Dire Circumstances, Epidemic Numbers

On July 10th 2014 three representatives from the Louisville Veterans Affairs Hospital testified before the Kentucky Assembly Interim Session Hearing of the Veterans, Military Affairs and Public Protection Committee. The VA Representatives testified that although they use many mental health therapies and dozens of pharmaceuticals to treat Post Traumatic Stress Disorder, there is no medicine that works for PTSD. They reported that there are 350,000 cases of PTSD among Iraq and Afghanistan Veterans. This does not count the results of the National Vietnam Veterans Longitudinal Study the findings of which were presented at the American Psychological Association on August 9, 2014. That study found 283,000 active cases of Post Traumatic Stress Disorder among Vietnam Veterans. Added to the cases reported by the VA for Iraq and Afghanistan and we are now talking about 633,000 active cases of PTSD. Korean, Gulf War and Veterans of the many conflicts of the Cold War are not included in this number. In all we could be looking at three quarters of a million active cases of Post Traumatic Stress Disorder based entirely on the VA’s own numbers!
The recent outbreak of the Ebola virus in West Africa saw one of the brave doctors working to contain the outbreak infected with the disease and close to losing his life. The medical authorities allowed those treating the doctor to try an experimental medicine never tried on humans derived from the tobacco plant. To the relief of all concerned it seems to have worked. The doctor is recovering and the medicine is being looked at as a breakthrough in the treatment of the virus. Dire circumstances prompted the action that saved the doctor. The medicine could have just as easily hurt as helped the patient.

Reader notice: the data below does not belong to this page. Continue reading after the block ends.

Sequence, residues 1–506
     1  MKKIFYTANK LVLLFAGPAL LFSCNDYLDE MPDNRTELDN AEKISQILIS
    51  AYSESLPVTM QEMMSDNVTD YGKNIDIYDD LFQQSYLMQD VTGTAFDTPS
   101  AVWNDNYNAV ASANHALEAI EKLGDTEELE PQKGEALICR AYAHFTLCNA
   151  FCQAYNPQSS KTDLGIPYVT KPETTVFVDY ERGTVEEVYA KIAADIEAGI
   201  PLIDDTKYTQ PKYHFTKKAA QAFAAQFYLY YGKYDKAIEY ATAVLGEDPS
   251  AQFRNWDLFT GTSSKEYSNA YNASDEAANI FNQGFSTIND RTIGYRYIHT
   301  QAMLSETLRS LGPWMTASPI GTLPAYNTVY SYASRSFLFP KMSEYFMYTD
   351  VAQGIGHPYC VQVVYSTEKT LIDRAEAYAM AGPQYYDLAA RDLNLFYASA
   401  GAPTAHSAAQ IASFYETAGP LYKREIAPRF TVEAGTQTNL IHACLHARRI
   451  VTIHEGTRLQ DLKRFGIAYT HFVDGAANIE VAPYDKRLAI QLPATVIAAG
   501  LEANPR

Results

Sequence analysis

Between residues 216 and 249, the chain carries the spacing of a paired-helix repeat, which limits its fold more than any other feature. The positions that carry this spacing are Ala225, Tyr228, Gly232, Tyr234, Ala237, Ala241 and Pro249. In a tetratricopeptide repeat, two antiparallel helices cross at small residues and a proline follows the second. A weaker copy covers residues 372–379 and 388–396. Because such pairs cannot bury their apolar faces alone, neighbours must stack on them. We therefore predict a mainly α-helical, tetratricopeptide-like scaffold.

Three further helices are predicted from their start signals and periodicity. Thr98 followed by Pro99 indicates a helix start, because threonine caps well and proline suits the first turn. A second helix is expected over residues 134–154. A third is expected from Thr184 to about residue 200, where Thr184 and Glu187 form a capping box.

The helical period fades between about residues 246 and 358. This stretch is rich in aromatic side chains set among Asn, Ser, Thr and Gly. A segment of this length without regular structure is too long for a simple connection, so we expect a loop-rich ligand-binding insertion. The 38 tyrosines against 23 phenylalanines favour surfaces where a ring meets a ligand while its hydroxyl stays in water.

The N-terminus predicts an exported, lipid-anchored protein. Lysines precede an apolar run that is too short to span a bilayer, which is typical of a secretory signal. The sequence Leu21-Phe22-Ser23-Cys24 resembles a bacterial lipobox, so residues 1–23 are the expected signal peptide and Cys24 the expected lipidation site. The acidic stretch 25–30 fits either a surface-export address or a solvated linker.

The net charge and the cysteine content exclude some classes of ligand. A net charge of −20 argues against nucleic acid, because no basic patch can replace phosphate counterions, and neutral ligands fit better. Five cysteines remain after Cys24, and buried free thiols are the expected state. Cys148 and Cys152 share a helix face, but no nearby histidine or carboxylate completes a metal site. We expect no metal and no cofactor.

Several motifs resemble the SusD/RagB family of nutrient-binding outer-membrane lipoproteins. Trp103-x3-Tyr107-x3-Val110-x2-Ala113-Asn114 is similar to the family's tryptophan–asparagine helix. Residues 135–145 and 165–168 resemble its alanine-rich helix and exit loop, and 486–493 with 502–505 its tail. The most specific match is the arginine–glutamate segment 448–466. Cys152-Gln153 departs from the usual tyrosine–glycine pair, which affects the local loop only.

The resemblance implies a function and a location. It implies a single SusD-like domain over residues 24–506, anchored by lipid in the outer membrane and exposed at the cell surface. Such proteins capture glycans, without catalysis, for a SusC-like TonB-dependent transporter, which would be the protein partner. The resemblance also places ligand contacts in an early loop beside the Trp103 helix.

The situation with Veteran Post traumatic Stress Disorder is just as dire and given the number of cases approaching three quarters of a million Veterans, could be considered epidemic. The VA in dealing with this epidemic has used every conventional mental health therapy and pharmaceutical they can with minimal to zero effect. The VA itself, as it did in the Kentucky hearing, reports there is no medicine effective for Post Traumatic Stress Disorder. The VA would be correct in their reporting except for the fact that there is a medicine that is effective for PTSD and unlike the experimental Ebola medicine, has been used for thousands of years by humans with complete safety. Thousands of Veterans use medical cannabis to treat their PTSD in the States having medical cannabis laws all across the nation and they report it’s efficacy in treating their PTSD. As was reported in the Kentucky hearing by the two Veterans who testified, medical cannabis has returned to them a quality of life in dealing with their condition that no medicine or therapy provided by the VA has been able to give them.
Veterans, pointing out the magnitude of the epidemic of PTSD, are calling for the immediate implementation of a program to provide medical cannabis to Veterans suffering with PTSD and to begin a study aimed at determining the benefits of medical cannabis for PTSD and any other conditions which might benefit from cannabis therapy.
The sacrifice of these Veterans, which continues for some till death, and the huge number of cases demands that we do everything our power to relieve and mitigate the suffering of these heroes. The Vietnam Veterans Longitudinal Study showed that the risk of early death among Vietnam Veterans with PTSD is twice as high as those without the condition and for many Veterans is a life long struggle. Their circumstances are no less dire than that of the infected Doctor. We have the medicine. Let us begin immediately to do the ethical work required to get this medicine to those who need and deserve it.

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